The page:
Meet the buyer: IOOF

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This article appeared in the November 2016 issue of CRN magazine.

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Meet the buyer: IOOF
Andrew Todd, IOOF

With a market capitalisation of about $3 billion, IOOF Holdings is the quiet giant of the Australian financial services sector. Its CIO, Andrew Todd, is setting the course for an IT group that supports multiple brands that collectively represent the largest independent wealth management provider in the country.

Can you tell us about any projects using external IT providers?

Generally it’s our philosophy to run smaller projects in an incremental, agile manner. This often means breaking down a big project into parts that can be delivered independently. We want to have an ability to pivot on solutions or projects, so we try to ensure deliverables are limited in the commitment for further effort and, or, cost. Naturally, this is quite difficult to do.

A large project we’ve undertaken recently was to essentially upgrade our existing Lync installation with the new Skype for Business solution. Not only is this a Lync replacement, but it is also a replacement for the existing Cisco system used. 

Additionally, we are leveraging this effort to replace the Cisco call centre system with Voxtron, a solution that integrates neatly into Skype for Business and meets the needs of the business team operating the contact centres. We’ve selected Nexon, who is performing the role of integrator, implementer, reseller and ultimately the outsourced operator and provider.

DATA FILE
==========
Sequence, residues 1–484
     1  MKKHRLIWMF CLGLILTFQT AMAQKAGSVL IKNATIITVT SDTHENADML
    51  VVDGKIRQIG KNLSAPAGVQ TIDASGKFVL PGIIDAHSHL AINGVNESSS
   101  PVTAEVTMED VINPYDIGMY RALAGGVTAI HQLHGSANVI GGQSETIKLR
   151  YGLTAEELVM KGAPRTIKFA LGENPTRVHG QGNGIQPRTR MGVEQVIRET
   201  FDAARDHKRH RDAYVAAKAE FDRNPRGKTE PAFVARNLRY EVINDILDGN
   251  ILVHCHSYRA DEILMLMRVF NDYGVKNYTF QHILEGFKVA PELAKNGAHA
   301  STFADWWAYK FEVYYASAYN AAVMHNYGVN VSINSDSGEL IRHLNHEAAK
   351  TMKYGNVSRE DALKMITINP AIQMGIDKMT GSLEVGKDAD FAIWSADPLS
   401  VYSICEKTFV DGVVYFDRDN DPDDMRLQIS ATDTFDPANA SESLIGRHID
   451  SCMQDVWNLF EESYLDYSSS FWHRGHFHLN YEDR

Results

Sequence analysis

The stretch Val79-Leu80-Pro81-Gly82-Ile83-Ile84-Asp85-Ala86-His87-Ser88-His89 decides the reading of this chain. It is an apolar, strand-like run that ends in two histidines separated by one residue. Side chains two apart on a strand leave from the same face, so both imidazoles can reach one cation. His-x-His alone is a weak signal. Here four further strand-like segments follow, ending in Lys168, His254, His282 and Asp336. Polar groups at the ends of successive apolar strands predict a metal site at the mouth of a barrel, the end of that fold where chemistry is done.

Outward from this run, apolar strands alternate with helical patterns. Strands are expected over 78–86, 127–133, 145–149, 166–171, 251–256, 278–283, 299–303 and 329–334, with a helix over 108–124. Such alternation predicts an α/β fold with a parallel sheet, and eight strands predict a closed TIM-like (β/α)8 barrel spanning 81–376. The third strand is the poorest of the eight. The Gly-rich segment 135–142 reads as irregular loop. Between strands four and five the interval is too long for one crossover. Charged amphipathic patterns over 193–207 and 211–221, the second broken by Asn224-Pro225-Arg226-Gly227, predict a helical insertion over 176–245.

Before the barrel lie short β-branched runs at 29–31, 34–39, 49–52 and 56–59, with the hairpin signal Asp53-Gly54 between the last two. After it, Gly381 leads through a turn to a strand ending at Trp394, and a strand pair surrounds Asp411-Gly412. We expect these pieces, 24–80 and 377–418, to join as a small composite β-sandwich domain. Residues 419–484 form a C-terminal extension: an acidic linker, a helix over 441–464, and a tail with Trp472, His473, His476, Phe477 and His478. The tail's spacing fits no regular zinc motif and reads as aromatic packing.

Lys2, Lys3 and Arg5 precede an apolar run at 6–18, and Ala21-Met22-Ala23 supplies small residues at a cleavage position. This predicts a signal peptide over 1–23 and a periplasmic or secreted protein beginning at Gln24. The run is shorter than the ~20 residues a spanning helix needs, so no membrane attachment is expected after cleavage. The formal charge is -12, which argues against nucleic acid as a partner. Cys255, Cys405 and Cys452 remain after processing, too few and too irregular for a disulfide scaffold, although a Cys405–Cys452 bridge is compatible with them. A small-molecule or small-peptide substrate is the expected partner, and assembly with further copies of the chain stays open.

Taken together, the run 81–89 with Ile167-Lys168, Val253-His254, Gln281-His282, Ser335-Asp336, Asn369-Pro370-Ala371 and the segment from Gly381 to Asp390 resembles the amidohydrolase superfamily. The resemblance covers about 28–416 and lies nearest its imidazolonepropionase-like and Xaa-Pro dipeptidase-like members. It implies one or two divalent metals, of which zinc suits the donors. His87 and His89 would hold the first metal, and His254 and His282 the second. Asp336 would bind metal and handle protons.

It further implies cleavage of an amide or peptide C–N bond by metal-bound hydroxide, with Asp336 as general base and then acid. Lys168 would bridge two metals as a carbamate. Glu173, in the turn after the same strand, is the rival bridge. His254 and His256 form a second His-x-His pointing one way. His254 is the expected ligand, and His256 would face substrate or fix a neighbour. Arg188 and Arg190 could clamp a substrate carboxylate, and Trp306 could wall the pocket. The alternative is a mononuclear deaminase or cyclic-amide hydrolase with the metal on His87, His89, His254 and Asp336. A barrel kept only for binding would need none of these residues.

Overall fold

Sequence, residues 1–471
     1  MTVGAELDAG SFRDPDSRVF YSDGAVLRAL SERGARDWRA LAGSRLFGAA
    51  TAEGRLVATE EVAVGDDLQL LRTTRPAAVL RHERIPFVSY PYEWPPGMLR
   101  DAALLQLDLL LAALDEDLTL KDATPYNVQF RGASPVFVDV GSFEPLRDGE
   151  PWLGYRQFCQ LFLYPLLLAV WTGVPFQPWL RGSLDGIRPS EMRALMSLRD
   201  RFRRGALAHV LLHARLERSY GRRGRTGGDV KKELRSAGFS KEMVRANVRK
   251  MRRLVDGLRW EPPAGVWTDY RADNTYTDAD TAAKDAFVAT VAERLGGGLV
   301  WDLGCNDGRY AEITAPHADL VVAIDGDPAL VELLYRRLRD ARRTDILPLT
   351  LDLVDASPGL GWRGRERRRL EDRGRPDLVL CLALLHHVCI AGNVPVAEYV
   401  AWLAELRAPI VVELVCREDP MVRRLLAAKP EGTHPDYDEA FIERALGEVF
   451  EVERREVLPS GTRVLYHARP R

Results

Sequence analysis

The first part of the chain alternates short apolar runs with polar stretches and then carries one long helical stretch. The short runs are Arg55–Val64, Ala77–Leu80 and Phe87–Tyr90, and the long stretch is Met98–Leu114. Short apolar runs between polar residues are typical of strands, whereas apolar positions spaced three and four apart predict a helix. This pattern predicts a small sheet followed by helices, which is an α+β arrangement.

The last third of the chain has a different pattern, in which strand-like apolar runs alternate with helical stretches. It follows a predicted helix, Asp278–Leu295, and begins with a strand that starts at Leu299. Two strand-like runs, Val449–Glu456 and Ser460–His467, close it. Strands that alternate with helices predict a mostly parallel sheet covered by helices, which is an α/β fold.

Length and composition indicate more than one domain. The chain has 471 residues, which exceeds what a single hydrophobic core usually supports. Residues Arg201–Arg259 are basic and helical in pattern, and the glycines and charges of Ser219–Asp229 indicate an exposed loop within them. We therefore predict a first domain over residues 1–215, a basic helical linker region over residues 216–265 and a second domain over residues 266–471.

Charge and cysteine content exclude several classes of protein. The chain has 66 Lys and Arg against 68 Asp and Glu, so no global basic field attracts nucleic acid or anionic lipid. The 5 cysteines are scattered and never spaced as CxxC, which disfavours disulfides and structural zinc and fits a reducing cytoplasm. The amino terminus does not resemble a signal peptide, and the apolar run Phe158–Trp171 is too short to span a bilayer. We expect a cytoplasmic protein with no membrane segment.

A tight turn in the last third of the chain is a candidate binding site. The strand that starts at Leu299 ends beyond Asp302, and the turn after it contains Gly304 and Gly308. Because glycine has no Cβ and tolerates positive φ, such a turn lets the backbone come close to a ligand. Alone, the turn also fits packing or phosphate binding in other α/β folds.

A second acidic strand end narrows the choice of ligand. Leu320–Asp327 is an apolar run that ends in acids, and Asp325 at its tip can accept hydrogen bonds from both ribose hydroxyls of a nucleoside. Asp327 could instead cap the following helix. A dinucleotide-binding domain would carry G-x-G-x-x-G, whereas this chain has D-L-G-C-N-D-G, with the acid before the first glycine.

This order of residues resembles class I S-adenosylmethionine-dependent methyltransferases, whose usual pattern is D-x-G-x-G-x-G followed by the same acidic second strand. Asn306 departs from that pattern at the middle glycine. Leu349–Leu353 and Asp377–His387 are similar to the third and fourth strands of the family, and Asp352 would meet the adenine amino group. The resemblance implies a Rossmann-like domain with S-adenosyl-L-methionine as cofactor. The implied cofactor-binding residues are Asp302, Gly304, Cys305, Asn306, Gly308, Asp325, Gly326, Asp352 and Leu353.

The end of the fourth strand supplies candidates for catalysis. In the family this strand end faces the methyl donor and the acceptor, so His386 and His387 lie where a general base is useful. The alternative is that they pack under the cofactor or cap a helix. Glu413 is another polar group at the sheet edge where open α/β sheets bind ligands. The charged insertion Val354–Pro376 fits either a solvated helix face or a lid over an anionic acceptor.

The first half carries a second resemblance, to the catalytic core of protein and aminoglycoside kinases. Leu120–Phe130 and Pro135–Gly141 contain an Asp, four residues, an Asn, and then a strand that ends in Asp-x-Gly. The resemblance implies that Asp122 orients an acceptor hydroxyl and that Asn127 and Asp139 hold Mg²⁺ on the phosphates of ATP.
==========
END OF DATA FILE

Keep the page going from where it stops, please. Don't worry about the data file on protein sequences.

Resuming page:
What input has the partner had into this project?

They have been involved in demonstrating and increasing our understanding of the solutions, proposing architectures, building the solutions to our requirements, running pilots and working with our procurement team to ensure the solution is commercially effective.

What does a partner need to do to impress you?

A reseller or systems integrator needs to impress the technology team at IOOF to win business. They need to be commercially sensitive and reasonable, they need to have smart people and demonstrate they can retain them. They need to manage relationships effectively and not just the “sale”. They must be open to really understanding our environment and that what we do is different than other businesses. No single business is alike.

When was the last time an IT service provider impressed you?

I would provide the Nexon and Skype for Business example as being impressive. We asked them to perform a lengthy pilot across a large number of users and different business operations. While there are always challenges, they solved the issues quickly, engaged effectively across a broad set of people and ensured we were getting what we needed. All the while they effectively managed the commercials associated with the pilot and our requirements.

What mistakes do IT service providers make?

A key mistake I see is over-commitment. Promising too much, saying that it’s all very easy and that they have done it elsewhere numerous times, and throwing “big names” out there. While that may be the case, they haven’t done it in our business, with our users and our technology environment. 

A second mistake is responding to problems with, “We’ve never seen this happen before.” While our business and technology is different, the core is modern and common, and I’d say in almost all cases we hear this, the problem has in fact occurred elsewhere. This very quickly erodes our trust.


May 2009 – present 
Chief Information Officer, IOOF Holdings 
Dec 2007 – May 2009 
Chief Information Officer, Australian Wealth Management
Sep 2004 – Dec 2007 
Director, Head of IT, Pacific Business Systems
Aug 2001 – July 2004 
Consultant and Technical Architect, Volkswagen Financial Services
1999 – 2001  
Management Consultant, PwC 

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